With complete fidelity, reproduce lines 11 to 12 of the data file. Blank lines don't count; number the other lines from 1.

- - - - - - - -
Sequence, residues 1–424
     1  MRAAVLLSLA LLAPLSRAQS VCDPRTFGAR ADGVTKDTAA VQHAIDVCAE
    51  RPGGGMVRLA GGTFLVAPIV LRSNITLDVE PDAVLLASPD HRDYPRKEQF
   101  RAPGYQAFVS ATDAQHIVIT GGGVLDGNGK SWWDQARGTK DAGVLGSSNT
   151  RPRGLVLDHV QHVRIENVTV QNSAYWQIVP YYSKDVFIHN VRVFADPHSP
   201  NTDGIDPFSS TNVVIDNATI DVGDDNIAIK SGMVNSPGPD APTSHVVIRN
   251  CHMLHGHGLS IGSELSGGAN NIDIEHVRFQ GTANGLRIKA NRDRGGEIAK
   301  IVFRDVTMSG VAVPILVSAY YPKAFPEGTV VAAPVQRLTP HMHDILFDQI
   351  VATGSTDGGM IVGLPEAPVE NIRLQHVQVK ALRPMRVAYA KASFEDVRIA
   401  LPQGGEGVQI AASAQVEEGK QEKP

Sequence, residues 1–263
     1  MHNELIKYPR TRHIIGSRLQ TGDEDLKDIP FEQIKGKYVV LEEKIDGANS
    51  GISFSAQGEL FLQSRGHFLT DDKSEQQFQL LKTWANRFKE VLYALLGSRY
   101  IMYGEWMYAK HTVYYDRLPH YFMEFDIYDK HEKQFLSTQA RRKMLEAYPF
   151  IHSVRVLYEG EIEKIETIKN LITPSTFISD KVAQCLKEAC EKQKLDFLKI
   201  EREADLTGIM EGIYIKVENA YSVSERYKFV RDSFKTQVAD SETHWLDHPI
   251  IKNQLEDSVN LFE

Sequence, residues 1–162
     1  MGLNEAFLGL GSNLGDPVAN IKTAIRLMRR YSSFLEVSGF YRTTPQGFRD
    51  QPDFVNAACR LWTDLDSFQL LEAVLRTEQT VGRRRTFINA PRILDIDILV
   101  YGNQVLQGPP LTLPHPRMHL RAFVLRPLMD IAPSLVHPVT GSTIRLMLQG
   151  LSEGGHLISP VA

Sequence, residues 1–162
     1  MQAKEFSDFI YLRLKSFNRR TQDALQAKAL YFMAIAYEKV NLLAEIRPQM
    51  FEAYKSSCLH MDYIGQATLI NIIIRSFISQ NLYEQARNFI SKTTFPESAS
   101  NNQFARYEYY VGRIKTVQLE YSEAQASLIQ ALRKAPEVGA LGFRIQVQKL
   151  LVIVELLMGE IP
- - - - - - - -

Sequence, residues 1–263
     1  MHNELIKYPR TRHIIGSRLQ TGDEDLKDIP FEQIKGKYVV LEEKIDGANS